By the book

U.S. Open 2020: Six rules that could easily come into play this weekend

Just a prediction, but some of the Rules of Golf will be part of the script for the third and final rounds.

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Gregory Shamus

Cool-and-breezy air. Fast-and-firm greens. Tall-and-thick grass. Can you see where this U.S. Open is headed? If Friday’s second round was any indication of how Winged Foot Golf Club’s West Course might play over the weekend, when the field’s scoring average increased by 2.62 strokes over Round 1, then the weekend might be carnage—and not just in terms of difficulty.

This is a course where an addressed ball could easily start moving again. Or one that’s perched in the rough could suddenly sink down into an abyss of bentgrass. Or one that leaves the fairway could vanish before a spotter can plunk down one of those little red flags. Just a prediction, but some of the Rules of Golf will be part of the script for the third and final rounds.

Here’s a guide to the ones we’re betting on:

1. Lost ball. A couple of years ago, the USGA and the Royal and Ancient Golf Club of St. Andrews (R&A) decided to reduce the time a player can search for a lost ball from five minutes to three. And that clock starts when either the player or his caddie begins the search. One more thing to remember: If a player puts another ball in play and then finds his original ball within the three-minute search time, the original ball still must be abandoned. When a ball is lost, the player receives a penalty stroke and must play a new ball from his previous position.

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2. Ball at rest moves. Rules makers spent a great deal of time in 2017 revising this rule to make it much more equitable. What you need to know is if a player addresses a ball and it moves as a result of nature (wind, water, earthquakes, etc.), there is no penalty and the ball must be played from its new position. The only exception is if the player already had marked and replaced his ball on a green. Then it has to be moved back to the spot where it was marked. A player would receive a penalty (one stroke and the ball must be replaced) if it’s known or virtually certain that he or his caddie caused the ball to move. An example that could happen this weekend is if a player soled his club in the rough and that caused the ball to sink farther down into the grass.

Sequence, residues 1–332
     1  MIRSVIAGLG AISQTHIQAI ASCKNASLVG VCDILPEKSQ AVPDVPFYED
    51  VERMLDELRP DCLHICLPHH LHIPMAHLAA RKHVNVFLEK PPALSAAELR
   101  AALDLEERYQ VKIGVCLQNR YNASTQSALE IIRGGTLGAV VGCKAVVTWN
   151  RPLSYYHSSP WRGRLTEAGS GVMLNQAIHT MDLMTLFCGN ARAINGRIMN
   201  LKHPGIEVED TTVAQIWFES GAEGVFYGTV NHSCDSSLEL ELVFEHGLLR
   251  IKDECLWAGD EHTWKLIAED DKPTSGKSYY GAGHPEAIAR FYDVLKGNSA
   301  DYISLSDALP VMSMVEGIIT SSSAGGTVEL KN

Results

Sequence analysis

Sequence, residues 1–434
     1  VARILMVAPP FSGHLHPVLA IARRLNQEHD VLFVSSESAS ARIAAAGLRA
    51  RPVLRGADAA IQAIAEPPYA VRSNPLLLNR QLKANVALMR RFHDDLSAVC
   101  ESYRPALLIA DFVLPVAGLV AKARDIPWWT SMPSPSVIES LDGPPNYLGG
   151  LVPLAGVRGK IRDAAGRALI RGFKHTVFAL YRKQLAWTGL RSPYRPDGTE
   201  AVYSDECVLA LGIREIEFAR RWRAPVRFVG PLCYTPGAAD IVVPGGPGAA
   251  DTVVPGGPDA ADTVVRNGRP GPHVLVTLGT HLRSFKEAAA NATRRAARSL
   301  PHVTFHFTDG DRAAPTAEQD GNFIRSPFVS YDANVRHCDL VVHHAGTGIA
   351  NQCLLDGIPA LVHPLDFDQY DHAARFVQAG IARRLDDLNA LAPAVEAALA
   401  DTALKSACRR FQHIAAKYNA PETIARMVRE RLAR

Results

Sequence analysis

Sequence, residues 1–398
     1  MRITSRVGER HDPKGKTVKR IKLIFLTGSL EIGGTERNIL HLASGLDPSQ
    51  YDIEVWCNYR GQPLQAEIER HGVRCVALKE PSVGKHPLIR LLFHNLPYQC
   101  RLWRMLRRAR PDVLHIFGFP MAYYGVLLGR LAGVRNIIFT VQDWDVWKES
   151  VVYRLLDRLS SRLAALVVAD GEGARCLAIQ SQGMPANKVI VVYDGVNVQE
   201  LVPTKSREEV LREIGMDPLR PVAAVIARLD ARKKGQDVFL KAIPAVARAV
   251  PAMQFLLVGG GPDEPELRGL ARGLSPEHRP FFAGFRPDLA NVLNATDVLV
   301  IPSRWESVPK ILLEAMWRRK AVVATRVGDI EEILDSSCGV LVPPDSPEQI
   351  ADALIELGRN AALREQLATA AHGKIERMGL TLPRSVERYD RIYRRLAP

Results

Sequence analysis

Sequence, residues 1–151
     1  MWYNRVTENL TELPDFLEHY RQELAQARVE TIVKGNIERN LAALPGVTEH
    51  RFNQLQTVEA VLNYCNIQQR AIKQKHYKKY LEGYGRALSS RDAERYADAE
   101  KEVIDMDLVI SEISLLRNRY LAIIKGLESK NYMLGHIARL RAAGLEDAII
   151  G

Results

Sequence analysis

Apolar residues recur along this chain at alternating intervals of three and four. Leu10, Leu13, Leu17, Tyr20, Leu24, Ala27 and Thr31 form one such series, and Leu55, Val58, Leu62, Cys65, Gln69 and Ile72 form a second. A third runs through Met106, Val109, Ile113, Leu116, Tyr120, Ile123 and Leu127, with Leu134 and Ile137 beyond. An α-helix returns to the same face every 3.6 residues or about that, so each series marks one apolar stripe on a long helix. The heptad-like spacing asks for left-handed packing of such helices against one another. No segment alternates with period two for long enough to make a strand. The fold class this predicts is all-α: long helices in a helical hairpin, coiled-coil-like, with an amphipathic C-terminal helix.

3. Ball moves while searching for it. If a player or his caddie were combing through the tall grass and accidentally moved their ball, there is no penalty, and the ball should be replaced as close as possible to where it came to rest. Same holds true if a spotter were to accidentally move the ball.

4. Playing a wrong ball. In the high grass at Winged Foot, it’s possible that a golfer might not be able to identify his ball and accidentally take a hack at someone else’s. The penalty for doing so is two strokes and the player must then find his ball and continue the hole with it. Any subsequent strokes made with the wrong ball do not count. However, if the player starts another hole with the wrong ball before realizing the mistake, he would be disqualified.

5. Playing from a penalty area. There are opportunities at Winged Foot to play shots within areas marked as penalty areas (think water hazards). As of 2018, you’re now allowed to remove loose impediments and ground your club when hitting shots out of these areas. The only way a player would receive a penalty for doing either is if the act of removing the impediment helped build a stance or improved his line of play, or grounding his club improved the condition for the stroke. Think of a player grounding and re-ground his club behind the ball with the intent of tamping down reeds to make it easier to execute the shot. If someone did that, it’s a two-stroke penalty.

6. Repairing damage on the green. Late in the day, hours and hours of traffic on Winged Foot’s tightly mown greens will likely start to affect how the ball rolls. In 2018, rules makers decided that golfers can repair all types of damage done to a green, including fixing spike marks, without penalty.

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